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how to treat osteopenia?
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ILIKEPIGS posted:
I am 44 and recently had a bone scan that showed osteopenia. My hip indicated a -2.1 and I know a -2.5 is considered osteporosis. My OB/Gyne wants to prescribe Fosomax but I don't feel comfortable starting this medication just yet. Has anyone bettered their bone density who has osteopenia with vitamins/supplements out there? Or has anyone improved their bone density with any other methods? I already exercise 5 days a week and have good nutrition, but I do not take calcium or other vitamins. Please advise. Thank you!
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bonebabe responded:
No matter what else you do or don't do, you must take calcium. It is not made by the body, but is stored in the bones. Your body needs calcium to live. It regulates the heart, strengthens heart muscles, regulates blood pressure, aids in wound healing and a host of other things. When you don't give your body calcium, it takes it from the bones. That's what causes bone loss. You need to consume 1200 mg a day in food and/or supplements. Your body will only absorb 500-600 mg at a time, so if you eat a calcium fortified cereal with milk and calcium fortified OJ for breakfast, you won't get the benefit of all that calcium. Spread it out. If you don't get enough in your diet, get a supplement. It can be as simple as Tums. Calcium is a mineral and there's no good or bad calcium. Cost doesn't make it better. Start today. You also need 1000 IU of Vit D each day. This sends the calcium to the bones. It can be taken at any time.

Have you gone through menopause? Are you on hormones? At 44, if you haven't completed menopause, you can expect your numbers to go even lower. The estrogen protects the bones and as your body quits making it, your bones get less dense. You might want to consider hormone replacement therapy (a patch would work well) or Evista - a synthetic hormone that has no effect on breast tissue.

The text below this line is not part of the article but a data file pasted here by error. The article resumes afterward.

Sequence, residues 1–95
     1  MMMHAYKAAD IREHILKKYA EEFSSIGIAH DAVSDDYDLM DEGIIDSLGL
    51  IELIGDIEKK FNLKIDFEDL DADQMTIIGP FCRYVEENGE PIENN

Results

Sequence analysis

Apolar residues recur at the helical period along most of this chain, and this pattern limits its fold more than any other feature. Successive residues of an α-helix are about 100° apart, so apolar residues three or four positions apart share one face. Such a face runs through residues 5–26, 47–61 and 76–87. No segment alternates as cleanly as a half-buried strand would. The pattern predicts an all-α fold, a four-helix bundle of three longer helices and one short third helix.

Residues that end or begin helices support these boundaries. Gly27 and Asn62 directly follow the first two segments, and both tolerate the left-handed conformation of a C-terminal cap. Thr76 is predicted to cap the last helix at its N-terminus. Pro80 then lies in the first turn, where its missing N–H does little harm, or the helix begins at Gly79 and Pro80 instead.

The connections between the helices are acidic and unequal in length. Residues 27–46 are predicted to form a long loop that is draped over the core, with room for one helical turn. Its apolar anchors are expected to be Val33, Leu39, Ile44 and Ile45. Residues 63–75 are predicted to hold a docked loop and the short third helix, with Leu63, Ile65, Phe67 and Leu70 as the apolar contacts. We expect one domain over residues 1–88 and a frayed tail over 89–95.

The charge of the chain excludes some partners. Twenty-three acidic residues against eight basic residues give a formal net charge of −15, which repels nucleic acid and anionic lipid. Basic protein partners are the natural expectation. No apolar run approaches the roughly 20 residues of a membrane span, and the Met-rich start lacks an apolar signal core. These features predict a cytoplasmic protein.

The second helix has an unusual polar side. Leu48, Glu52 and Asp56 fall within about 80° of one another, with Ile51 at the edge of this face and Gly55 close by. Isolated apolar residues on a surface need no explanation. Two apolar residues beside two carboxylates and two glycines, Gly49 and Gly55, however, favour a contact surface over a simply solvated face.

With a -2.1, vitamins and supplements alone won't improve it to the point of normal, especially if the estrogen is still being lost. If I were you, I'd give the hormones a try. Added to the calcium and Vit D. Have a recheck in 2 years, and reconsider your options depending on your scores.
 
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bonebabe responded:
Let me clarify osteopenia for you. I neglected that in my prior post. Osteopenia is not a diagnosis, it is a condition simply meaning low bone mass. This is determined by comparing your bones (if you're post menopausal) to those of a healthy 20 year old of the same sex and race. That's the data base. If you've not gone through menopause yet, your bones are compared to someone of your age, sex and race. What a bone density test is trying to determine is your fracture risk. The T-scores are not the be all and end all. In interpreting the scores, we take into account your height/weight ratio, prior fractures, family history, current medications, smoking and drinking and other medical conditions to as accurately as possible predict your fracture risk. Having a risk doesn't mean you will fracture, just as not having a risk doesn't guarrantee a fracture free life.

As for calcium. You do need it, period. I never heard of this acid factor. Your body needs calcium to function. Take it. It's easy. Don't find yourself 15 years down the road wishing you had. Osteoporosis is not reversible. It is manageable. For as much bad press and negative comments the drugs get, they have improved lives and enabled many of our patients to continue to live independently. I know the drug companies get a bad rap, and maybe some of it is deserved, but when you look at all the class action suits filed by lawyers who open solicit people on drugs and build a case around them, citing all kinds of studies and statistics, you must realize that they too have a dollar interest in making the drugs look bad.

My advice to you remains the same based on what I see up close and personal every day.

Beth
 
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ILIKEPIGS responded:
Thank you so much for your response. It is so nice to learn more about this.